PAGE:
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The Culture Transplant: How Migrants Make the Economies They Move to a Lot Like the Ones They Left (Hardcover)
A provocative new analysis of immigration's long-term effects on a nation's economy and culture.
Over the last two decades, as economists began using big datasets and modern computing power to reveal the sources of national prosperity, their statistical results kept pointing toward the power of culture to drive the wealth of nations. In The Culture Transplant, Garett Jones documents the cultural foundations of cross-country income differences, showing that immigrants import cultural attitudes from their homelands--toward saving, toward trust, and toward the role of government--that persist for decades, and likely for centuries, in their new national homes. Full assimilation in a generation or two, Jones reports, is a myth. And the cultural traits migrants bring to their new homes have enduring effects upon a nation's economic potential.
Built upon mainstream, well-reviewed academic research that hasn't pierced the public consciousness, this book offers a compelling refutation of an unspoken consensus that a nation's economic and political institutions won't be changed by immigration. Jones refutes the common view that we can discuss migration policy without considering whether migration can, over a few generations, substantially transform the economic and political institutions of a nation. And since most of the world's technological innovations come from just a handful of nations, Jones concludes, the entire world has a stake in whether migration policy will help or hurt the quality of government and thus the quality of scientific breakthroughs in those rare innovation powerhouses.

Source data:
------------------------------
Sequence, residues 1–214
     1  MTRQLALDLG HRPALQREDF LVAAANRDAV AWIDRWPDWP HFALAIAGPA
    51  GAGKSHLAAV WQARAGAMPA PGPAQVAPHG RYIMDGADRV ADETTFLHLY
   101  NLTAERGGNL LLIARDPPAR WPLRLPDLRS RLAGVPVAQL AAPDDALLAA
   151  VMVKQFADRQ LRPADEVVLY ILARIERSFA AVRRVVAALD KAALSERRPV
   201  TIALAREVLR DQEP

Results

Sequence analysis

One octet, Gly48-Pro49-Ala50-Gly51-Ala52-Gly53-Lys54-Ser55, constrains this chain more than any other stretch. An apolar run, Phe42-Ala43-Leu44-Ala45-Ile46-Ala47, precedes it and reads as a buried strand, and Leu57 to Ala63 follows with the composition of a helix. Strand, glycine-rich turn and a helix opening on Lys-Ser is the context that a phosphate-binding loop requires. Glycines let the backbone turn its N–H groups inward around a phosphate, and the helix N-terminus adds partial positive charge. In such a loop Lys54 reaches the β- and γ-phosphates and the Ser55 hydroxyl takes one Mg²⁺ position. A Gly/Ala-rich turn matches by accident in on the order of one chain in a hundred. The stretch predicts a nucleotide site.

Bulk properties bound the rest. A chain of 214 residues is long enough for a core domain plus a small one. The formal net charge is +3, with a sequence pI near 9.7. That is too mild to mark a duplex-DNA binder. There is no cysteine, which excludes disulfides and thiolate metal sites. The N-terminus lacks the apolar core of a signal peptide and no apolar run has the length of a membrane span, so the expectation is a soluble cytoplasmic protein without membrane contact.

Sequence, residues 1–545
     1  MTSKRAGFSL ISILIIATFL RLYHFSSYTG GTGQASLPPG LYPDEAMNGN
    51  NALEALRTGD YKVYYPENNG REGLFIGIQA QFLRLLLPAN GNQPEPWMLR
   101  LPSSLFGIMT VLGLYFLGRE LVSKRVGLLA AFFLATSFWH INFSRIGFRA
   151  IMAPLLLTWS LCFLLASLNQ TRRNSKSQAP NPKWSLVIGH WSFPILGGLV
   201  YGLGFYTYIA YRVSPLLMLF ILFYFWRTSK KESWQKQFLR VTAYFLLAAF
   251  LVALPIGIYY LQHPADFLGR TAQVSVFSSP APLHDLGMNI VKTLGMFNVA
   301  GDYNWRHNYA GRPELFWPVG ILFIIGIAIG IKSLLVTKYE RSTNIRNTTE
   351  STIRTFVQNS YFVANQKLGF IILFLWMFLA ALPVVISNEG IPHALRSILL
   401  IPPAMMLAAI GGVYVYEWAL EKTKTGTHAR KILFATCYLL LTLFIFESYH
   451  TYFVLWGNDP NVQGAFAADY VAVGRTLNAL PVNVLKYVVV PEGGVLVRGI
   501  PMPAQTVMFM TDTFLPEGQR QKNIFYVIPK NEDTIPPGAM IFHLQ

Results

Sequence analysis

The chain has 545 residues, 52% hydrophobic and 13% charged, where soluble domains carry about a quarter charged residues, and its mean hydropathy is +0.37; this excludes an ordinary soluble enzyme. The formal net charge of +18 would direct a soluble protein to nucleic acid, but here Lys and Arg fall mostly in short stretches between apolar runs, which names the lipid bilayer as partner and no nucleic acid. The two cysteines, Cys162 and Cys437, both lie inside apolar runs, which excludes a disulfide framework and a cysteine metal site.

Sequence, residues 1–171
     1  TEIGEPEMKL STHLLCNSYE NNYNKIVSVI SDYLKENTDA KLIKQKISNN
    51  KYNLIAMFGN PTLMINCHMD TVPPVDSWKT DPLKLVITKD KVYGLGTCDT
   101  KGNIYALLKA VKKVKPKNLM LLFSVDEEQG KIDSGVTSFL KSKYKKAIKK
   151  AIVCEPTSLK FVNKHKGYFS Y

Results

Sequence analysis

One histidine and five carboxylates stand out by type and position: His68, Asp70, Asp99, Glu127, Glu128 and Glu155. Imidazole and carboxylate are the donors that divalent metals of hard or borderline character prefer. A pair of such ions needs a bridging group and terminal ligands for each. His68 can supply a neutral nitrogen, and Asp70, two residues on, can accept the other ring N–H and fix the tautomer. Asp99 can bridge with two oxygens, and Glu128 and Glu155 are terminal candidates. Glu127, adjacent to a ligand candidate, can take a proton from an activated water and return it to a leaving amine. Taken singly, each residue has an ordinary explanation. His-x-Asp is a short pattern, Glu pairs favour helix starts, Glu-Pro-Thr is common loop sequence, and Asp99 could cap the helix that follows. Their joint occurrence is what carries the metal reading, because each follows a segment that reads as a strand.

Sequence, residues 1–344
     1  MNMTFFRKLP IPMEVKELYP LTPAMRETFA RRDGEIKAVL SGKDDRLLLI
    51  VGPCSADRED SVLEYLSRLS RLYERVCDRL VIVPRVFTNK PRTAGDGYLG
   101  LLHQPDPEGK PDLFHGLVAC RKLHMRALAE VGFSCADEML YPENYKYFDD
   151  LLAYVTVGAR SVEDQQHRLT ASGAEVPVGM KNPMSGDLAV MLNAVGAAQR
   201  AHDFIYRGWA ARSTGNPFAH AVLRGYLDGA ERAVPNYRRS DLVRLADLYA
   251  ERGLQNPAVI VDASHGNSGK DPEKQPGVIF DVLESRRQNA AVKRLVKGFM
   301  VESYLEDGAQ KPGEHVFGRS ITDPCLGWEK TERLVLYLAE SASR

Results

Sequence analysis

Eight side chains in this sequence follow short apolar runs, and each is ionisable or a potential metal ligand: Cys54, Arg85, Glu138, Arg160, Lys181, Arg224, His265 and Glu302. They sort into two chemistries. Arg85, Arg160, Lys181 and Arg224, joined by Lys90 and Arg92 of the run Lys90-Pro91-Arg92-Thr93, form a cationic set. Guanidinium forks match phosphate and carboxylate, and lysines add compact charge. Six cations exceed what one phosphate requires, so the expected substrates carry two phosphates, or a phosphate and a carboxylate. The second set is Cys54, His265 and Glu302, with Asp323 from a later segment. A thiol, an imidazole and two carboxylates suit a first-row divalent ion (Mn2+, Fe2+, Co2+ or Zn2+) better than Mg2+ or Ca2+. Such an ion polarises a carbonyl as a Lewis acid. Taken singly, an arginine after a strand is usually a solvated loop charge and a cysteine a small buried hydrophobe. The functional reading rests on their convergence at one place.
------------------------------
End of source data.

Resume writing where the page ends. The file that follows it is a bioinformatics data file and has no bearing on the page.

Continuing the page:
About the Author
Garett Jones is Associate Professor of Economics at the Center for Study of Public Choice, George Mason University. He is the author of 10% Less Democracy: Why You Should Trust Elites a Little More and the Masses a Little Less (Stanford, 2020) and Hive Mind: How Your Nation's IQ Matters So Much More Than Your Own (Stanford, 2015).